by Conor O'Shea
I don’t know what was more interesting tonight, the match or the endless debate surrounding selection, the commentary team reading into substitutions as if they were portents for selection for the weekend.
Certainly the weather for the game probably summed up the mood within the Lions camp and the supporters must be wondering where all the famed Cape weather is.
Well sadly for them, South African winters aren’t all good and Capetown can go from the beautiful to the brutal quickly and it is no fun. At least they are almost guaranteed good weather in the remaining two Tests, which are both at altitude.
The fun is over now and the only redemption for the Lions is winning.
The Emerging Boks deserved their 13-13 draw from the game and they must have wished they had the control of Willem De Waal on the pitch from an early stage in the game and also Danwel Demas on the wing, who had caused the tourists no end of problems earlier in the tour and scored the equalising try.
Emerging Boks took it to the Lions
This was a game the Lions played against a relatively inexperienced side with not a Test cap amongst them and they would have expected to win, but the conditions were a leveller and the Emerging Boks really took it to Ian McGeechan's men.
If you want any indication of how and why the Lions can turn things around for the Test this weekend then you have to trust in the management, and the way they have handled Keith Earls is testament to their skills.
Earls could easily have been cast aside after the first game, but full-back has given him room to breathe and, although still capable of errors like coming in off his man to allow Demas his easy try at the end of the game, he still did a huge amount right other than just taking his try with a now trademark step and go.
The management could have discarded him but they didn’t and he has grown on this tour.
What else did we learn in terms of selection from the night? Not a huge amount from the game, Simon Shaw came on and was outstanding but surely cannot jump above Donncha O’Callaghan for selection this weekend.
If he does it would be unfair and surely if we talk combinations complementing each other like Bakkies Botha and Victor Matfield, then Paul O’Connell and O’Callaghan deserve their shot at the best second rows in the world.
What did O'Gara's substitution mean?
Other tea leaves being read on the night were the timing of O’Gara’s substitution to allow Hook on. Did it mean Hook was been given the chance to take Ronan’s place on the bench or was O’Gara been rested for the weekend?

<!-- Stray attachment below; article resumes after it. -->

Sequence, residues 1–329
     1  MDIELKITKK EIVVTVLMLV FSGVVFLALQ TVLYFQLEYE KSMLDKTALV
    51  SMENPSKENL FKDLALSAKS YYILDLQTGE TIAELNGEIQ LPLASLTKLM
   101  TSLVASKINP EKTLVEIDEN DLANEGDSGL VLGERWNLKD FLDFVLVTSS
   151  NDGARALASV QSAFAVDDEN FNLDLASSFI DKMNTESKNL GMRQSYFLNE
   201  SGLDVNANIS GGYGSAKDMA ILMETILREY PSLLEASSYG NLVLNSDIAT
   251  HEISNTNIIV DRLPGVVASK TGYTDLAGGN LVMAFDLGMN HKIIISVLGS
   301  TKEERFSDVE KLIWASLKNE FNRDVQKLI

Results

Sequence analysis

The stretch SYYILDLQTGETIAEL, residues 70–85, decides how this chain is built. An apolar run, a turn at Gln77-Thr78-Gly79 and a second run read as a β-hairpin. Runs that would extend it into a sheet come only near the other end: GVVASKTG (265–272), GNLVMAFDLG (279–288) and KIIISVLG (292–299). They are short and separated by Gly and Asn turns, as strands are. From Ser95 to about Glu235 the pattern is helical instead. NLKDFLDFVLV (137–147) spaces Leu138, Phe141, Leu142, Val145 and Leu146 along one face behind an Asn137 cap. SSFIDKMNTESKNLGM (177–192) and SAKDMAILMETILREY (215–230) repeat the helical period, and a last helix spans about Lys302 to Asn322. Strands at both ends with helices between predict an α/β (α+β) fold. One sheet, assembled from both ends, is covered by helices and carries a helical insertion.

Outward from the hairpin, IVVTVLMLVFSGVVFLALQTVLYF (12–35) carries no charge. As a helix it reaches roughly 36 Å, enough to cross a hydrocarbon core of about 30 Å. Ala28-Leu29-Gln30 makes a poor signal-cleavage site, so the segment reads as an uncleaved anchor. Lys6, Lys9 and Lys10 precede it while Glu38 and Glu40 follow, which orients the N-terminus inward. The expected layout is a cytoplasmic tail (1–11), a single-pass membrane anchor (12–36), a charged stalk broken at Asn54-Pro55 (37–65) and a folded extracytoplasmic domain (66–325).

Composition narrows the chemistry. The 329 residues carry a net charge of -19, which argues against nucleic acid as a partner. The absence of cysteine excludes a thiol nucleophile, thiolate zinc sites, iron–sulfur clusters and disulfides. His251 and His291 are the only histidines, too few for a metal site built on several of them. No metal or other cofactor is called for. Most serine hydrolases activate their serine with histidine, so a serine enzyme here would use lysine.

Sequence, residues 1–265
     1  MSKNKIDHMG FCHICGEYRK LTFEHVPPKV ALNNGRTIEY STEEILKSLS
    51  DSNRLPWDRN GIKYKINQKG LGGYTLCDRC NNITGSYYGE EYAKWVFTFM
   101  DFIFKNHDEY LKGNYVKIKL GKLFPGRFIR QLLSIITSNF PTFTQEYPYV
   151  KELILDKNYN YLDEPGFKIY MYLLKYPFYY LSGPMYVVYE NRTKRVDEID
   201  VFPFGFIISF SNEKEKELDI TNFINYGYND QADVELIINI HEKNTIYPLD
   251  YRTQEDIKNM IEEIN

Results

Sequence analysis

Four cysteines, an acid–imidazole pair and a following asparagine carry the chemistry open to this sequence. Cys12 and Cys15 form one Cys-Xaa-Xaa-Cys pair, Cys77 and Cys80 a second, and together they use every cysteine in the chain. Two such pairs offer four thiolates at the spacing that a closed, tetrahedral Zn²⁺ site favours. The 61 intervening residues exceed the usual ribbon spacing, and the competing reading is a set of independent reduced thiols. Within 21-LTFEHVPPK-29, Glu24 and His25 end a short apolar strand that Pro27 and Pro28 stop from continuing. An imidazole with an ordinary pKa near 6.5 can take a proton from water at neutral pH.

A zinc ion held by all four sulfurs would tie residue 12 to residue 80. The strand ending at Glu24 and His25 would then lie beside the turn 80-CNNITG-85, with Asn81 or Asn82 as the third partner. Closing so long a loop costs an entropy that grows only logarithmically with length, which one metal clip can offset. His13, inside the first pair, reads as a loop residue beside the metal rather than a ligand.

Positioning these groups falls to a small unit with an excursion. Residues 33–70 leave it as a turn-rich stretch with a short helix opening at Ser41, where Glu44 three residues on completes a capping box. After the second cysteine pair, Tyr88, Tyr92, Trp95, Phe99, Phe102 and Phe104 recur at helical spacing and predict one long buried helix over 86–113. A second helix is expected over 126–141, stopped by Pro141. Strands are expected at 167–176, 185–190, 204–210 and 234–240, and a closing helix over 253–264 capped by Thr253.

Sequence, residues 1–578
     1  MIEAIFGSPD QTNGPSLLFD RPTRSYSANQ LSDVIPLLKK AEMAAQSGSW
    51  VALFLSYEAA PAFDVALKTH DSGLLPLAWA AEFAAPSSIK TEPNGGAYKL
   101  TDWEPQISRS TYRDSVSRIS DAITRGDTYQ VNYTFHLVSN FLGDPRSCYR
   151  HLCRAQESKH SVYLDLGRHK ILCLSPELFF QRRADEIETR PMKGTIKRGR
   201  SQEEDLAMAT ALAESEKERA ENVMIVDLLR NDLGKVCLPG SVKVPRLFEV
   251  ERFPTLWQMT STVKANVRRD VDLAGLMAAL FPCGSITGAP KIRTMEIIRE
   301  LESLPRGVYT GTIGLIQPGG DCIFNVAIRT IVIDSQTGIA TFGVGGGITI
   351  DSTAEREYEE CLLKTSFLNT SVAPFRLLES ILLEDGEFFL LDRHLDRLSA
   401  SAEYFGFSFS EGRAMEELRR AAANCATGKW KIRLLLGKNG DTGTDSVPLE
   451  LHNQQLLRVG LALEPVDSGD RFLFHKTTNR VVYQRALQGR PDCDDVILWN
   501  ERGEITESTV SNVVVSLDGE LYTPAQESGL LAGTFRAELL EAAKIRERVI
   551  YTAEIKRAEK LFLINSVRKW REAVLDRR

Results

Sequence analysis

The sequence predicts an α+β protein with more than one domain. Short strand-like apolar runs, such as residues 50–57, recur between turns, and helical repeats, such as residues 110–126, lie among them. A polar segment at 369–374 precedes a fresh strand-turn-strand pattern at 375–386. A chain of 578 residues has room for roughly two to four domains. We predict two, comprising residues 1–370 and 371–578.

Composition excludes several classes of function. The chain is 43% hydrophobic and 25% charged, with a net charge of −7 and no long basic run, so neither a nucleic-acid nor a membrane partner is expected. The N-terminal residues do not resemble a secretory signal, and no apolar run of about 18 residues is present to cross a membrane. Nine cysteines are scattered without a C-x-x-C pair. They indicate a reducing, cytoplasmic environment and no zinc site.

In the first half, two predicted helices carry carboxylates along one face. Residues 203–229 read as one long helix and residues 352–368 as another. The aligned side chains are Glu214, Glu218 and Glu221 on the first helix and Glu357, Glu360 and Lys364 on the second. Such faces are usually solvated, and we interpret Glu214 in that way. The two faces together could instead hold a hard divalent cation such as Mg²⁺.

O’Gara will not take Stephen Jones’ place because of the Welsh half-back combination of Phillips and Jones holding fort. I have said it before, but if O’Leary was there O’Gara would be starting, as it is he will remain on the bench.
Other decisions are more straight forward with Phil Vickery thankfully coming on on Tuesday night and earning a late penalty for the Lions from a scrum for what should have been the insurance score. Vickery was back on the horse but will definitely be out of the team along with Lee Mears to allow an all-Welsh front row to go from the start.
If they do bolster the front five, the back row must remain intact; there can’t be that many changes and although Martyn Williams is the outstanding out and out 7 available he will best serve the Lions after the initial onslaught from the Boks.
As I have said, 9 and 10 won’t change and the O’Driscoll/Roberts axis is inked in stone. The back three will also need changing and if Lee Byrne is unfit then Rob Kearney will play.
Fitzgerald set to take his place?
He probably should anyway and as I said last week it was and is my belief that Ugo Moyne would start the series but Luke Fitzgerald would finish the series at 11 for the Lions. It should happen this weekend. Wings are paid to finish and Moyne fluffed his lines. With talent to burn, Fitzgerald gets my nod.
So I think the team for the second Test will read: 15 Rob Kearney, 14 Tommy Bowe, 13 Brian O’Driscoll, 12 Jamie Roberts, 11 Luke Fitzgerald, 10 Stephen Jones, 9 Mike Phillips, 8 Jamie Heaslip, 7 David Wallace, 6 Tom Croft, 5 Paul O’Connell, 4 Donncha O’Callaghan, 3 Adam Jones, 2 Matthew Rees, 1 Gethin Jenkins.
One other point to note from Tuesday night’s post-match interviews was Warren Gatland’s interview stating that in the Test match that only one team came out to play rugby and he quoted a whole host of stats to back this up.
All the stats were absolutely correct but the Springboks have always played a game based on a formidable pack, a kicking game and their backs and team reacting to turnovers and scoring from there.
They were never going to run against the Lions rush defence and they didn’t so I hope it was no surprise to the Lions management and it must be Gatland’s way of trying to get the Boks to play a game they just don’t employ.
Where the Lions comeback stem from?
It won’t work and the Boks will be a more formidable opposition this week in Pretoria, and only this weekend will we know was it the Lions gameplan wearing them down, as Warren Gatland believes, or the Boks coaches removing the spine of their team too early?
My feeling is it was the latter and the Lions have lost their chance.
Finally, well done to Ireland ‘A’ on a brilliant win over the England Saxons (‘A’) on Sunday evening in the Churchill Cup. Another shot in the arm delivered by Declan Kidney and his merry band against an England team unbeaten at that level for nearly three years.